Angry American John Isner has slammed the ATP Tour as a one-sided financial deal, with the 35-year-old calling for a shakeup in the way tennis prize packets are calculated.

The player who skipped the Australian Open and has played just two matches this season – the last more than six weeks ago – was also an early supporter of Novak Djokovic’s ill-fated breakaway group, the Professional Tennis Players Association.

From his home in the old-money Highland Park section of Dallas, the winner of nearly USD 20 million in a career which boasts modest highlights – a singles semi-final at 2018 Wimbledon and two US Open quarter-finals  from 48 Grand Slam appearances –  Isner went on the attack

“The ATP is a broken system,” the 35-year-old complained after next month’s downsized Miami Masters revealed a COVID-edition prize money cut of USD   one million for the men’s and women’s champion, leaving them each with “only” 300,000.

“Players and tournaments are partners that must work together, but there is a budget cut of 60 per cent and an 80 per cent cut in prize money for the champion in one of our most important tournaments, (which still has) TV revenue, sponsorship and recently approved gambling revenue,” he said.

“This is  not exactly being partners,” added the homebody who dislikes foreign travel and has won 13 of his 17 titles in the US.

The multimillionaire athlete called for an investigation into the ATP’s management of the Tour.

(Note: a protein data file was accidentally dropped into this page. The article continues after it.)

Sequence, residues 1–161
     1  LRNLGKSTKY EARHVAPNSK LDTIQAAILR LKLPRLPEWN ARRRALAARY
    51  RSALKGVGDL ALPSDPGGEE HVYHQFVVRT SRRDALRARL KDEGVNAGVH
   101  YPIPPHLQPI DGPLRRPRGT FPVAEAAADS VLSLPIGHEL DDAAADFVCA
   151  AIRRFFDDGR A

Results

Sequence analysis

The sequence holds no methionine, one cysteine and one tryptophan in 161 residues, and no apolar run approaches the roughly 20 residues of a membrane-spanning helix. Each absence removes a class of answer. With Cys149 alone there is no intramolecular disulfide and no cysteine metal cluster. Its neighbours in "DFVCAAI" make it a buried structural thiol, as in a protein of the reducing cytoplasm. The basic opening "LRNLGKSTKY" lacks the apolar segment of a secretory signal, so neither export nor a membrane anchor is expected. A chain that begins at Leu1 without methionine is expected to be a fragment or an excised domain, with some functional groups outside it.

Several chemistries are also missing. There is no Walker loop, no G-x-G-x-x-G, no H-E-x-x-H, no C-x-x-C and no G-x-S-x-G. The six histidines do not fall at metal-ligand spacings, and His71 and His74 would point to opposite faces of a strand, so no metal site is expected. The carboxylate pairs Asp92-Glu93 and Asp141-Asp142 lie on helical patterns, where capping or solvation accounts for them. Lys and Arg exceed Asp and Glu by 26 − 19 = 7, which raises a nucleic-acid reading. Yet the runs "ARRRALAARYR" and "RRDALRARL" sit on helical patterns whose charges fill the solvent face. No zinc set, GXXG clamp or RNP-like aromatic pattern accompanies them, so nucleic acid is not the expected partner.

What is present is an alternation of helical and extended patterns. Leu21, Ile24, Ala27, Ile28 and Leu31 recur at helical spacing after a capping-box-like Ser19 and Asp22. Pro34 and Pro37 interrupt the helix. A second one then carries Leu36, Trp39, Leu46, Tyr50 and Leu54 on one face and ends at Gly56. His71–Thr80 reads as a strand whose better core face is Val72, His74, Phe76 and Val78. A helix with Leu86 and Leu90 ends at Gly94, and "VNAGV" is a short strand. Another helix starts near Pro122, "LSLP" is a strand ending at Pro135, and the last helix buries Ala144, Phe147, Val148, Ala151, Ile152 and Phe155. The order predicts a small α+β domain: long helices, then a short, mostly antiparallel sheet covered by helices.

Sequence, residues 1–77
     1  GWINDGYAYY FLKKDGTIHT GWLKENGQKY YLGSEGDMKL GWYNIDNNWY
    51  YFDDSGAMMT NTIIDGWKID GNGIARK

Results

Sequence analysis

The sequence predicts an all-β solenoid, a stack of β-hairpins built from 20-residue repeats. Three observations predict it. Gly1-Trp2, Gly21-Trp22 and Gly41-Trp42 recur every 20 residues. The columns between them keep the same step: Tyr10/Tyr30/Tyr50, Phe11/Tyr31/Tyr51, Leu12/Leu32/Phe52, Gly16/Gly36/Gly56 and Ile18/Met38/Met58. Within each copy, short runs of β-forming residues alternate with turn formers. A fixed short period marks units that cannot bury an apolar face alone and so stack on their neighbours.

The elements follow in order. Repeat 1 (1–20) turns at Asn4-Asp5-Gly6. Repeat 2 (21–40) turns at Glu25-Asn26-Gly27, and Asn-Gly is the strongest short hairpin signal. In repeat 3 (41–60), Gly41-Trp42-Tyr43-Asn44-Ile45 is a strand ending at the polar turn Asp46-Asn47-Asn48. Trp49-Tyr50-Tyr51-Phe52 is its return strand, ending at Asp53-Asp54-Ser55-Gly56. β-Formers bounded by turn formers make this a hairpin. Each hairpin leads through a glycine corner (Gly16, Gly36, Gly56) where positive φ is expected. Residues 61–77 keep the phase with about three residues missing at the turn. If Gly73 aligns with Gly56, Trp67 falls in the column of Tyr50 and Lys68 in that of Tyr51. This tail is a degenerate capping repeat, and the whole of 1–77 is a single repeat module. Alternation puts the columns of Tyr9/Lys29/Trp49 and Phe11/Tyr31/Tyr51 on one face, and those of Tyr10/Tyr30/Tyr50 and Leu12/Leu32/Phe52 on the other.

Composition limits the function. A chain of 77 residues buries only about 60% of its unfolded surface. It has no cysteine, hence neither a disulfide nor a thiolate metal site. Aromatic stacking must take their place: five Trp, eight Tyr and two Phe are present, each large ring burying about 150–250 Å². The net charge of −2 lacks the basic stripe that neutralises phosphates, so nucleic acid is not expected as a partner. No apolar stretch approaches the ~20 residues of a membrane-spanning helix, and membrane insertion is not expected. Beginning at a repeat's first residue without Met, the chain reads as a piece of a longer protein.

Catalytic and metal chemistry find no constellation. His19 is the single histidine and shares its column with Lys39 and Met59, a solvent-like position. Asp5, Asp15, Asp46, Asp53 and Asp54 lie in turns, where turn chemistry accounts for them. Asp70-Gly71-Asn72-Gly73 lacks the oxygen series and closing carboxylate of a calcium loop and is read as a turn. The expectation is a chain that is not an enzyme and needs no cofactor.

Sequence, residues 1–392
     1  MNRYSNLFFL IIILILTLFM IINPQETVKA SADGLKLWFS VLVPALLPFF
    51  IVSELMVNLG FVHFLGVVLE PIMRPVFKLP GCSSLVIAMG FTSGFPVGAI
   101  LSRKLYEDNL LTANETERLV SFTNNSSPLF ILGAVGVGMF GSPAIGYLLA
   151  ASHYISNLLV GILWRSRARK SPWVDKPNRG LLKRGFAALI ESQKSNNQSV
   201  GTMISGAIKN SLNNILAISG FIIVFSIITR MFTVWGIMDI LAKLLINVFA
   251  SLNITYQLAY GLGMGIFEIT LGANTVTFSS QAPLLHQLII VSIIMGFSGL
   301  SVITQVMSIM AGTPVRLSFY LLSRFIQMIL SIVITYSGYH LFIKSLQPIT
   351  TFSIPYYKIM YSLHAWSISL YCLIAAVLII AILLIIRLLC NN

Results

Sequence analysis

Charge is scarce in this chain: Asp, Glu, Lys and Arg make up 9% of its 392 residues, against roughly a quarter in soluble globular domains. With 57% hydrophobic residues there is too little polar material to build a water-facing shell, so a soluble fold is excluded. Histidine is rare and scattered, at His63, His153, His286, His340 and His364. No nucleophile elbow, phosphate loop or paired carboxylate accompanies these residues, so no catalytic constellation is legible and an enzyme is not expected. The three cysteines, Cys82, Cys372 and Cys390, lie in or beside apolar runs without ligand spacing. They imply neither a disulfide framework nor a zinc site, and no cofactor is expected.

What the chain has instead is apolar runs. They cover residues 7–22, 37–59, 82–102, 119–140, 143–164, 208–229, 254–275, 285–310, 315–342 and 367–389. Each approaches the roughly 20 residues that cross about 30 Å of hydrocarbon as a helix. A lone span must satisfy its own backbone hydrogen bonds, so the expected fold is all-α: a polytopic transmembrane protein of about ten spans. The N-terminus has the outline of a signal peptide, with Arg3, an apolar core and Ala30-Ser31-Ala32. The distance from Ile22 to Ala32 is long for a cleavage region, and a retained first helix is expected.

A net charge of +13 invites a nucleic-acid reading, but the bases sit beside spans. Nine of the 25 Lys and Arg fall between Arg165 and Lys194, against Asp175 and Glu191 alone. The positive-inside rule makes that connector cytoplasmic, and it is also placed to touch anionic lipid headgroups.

“How about a real audit to see how much the tournaments lose and then a formula that redistributes well what is won? 

“It’s incredible that we still do not have something like that in many of our big tournaments. What is the point of that? Tennis is a very opaque sport.”

As is usual with North Americans, he then compared tennis to team sports, which are structured in a totally different manner.

“Look at the NBA, MLB, NHL, PGA, etc. Not to see their income / popularity, but their structures and the percentage of income for their players. Tennis is plagued with conflict and lack of transparency. “

Isner lamented the short shelf life of players compared to organisers and Tour executives in the sport.

“Promoters have assets with infinite time to monetise, while players have little time to maximise our talents – our career is short. 

“That is a broken system. Should players accept a cut for (tournament) champions, while ATP executives keep all of their salaries, benefits, and expense accounts? 

“What’s the point of that. It’s a bit hypocritical, isn’t it? “

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